The distressing thought of marrying Griffen had been tempered by the consolation that she will finally have new, modish clothes. As his wife, she remembers, "I spent a lot of time changing my costumes. Diddling with straps, with buckles, with the tilt of hats, the seams on stockings…Filing my nails, soaking my feet. Yanking out hairs or shaving them off; it was necessary to be sleek, devoid of bristles. A topography like wet clay, a surface the hands would glide over.'' Yes, but whose hands? Atwood teases us with the answer.
Ultimately, a monstrous betrayal divides the sisters, and it is only after her death that Iris comes face to face with the horror behind Laura's death and her own complicity. Instead of more pretense and avoidance, Iris finds the energy to make a new life. It is not without heartbreak and loss, but at least it is new. And it is hers.
A writer of subtlety and nuance, Atwood lets the reader into her characters' hearts and reminds of the significance of the small, telling relics from a time past--in this case, the hand-tinted photographs that once were so popular. She describes them this way: "The colours never came out clear, the way they would on a piece of white paper: there was a misty look to them, as if they were seen through cheesecloth. They didn't make the people seem more real; rather they became ultra-real; citizens of an old half-country, lurid yet muted, where realism was beside the point.''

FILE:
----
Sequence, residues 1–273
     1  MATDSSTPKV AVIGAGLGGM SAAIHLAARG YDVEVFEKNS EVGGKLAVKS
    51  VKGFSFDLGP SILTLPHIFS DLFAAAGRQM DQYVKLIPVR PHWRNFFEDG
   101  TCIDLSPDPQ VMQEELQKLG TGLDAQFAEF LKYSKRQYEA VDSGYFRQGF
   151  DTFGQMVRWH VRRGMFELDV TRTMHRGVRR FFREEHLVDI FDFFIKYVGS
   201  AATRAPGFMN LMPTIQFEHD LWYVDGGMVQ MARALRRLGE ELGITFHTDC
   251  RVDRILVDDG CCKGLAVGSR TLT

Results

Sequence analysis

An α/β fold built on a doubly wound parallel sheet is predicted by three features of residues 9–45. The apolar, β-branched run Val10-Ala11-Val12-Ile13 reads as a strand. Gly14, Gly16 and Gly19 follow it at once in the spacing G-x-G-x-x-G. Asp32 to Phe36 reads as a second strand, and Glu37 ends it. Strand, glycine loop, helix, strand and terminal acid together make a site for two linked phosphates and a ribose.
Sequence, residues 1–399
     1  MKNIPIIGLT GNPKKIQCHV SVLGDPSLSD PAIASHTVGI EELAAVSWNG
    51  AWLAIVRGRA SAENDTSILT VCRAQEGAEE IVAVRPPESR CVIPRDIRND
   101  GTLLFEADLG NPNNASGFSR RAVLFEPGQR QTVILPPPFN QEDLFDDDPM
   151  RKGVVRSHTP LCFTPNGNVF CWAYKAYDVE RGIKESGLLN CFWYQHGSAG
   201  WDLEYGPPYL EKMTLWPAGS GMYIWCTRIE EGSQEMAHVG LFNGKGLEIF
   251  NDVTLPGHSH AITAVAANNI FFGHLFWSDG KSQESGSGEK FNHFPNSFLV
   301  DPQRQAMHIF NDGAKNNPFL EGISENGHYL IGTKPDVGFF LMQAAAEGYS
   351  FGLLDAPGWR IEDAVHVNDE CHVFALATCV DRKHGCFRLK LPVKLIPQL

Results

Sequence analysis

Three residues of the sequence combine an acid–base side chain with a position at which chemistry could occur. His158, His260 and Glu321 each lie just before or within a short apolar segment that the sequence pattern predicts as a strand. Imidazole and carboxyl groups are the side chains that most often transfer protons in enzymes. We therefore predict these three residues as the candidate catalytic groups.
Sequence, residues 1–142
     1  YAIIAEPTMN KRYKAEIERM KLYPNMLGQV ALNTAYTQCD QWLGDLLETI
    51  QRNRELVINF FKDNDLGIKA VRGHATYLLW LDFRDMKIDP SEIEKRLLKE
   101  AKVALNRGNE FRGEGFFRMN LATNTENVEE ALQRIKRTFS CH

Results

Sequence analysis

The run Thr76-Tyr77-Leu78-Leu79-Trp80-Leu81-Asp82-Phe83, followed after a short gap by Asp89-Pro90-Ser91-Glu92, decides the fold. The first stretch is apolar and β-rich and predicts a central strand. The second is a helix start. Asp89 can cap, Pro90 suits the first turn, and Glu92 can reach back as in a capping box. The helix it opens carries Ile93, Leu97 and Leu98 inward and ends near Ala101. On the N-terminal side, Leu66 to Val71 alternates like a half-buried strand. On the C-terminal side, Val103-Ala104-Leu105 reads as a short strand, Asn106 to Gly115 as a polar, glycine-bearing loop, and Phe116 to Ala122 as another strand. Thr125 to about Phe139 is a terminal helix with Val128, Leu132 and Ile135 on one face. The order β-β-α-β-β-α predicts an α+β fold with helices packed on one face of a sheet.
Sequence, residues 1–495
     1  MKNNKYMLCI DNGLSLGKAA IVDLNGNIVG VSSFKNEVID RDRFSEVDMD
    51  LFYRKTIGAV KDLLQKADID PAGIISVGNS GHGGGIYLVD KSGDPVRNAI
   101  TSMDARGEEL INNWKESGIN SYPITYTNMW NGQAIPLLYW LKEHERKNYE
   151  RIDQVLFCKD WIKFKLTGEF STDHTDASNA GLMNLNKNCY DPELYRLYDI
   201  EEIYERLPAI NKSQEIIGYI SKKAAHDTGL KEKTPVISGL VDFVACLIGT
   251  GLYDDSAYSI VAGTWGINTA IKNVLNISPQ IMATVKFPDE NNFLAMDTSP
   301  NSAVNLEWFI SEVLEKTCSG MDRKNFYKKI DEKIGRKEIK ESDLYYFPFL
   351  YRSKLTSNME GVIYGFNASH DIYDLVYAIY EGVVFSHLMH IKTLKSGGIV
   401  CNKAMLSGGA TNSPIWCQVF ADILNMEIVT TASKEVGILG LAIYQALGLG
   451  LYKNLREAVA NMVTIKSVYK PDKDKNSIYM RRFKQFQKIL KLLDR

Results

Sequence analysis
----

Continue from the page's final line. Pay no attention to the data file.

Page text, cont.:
It is Atwood's genius that she sees her characters in a harsher light,
where hard edges and deep shadows are exposed, and in fact, where reality
is precisely the point.
Three's a Crowd
An Empire of Women by Karen Shepard
(Putnam; $24.95; 262 pages)
More divides the three women of Karen Shepard's novel than just generations. There's mutual distrust, a dark, shared history, and they are obsessed with one another. And for good reason: they are members of one small family of females. Norman Rockwell characters they are not. The grandmother is Celine Arneaux, half-Chinese and half-French, a legendary photographer just about to turn 75. Sumin, the daughter fathered by a Chinese painter Celine met when he was visiting New York, deeply resents and fears her formidable mother. Sumin's daughter is Cameron, now in her 30s and beautiful in a way that Sumin never was. She is the daughter of a Japanese man Sumin met one summer and is still famous as the subject of a scandalous series of photographs Celine made of her when she was a child.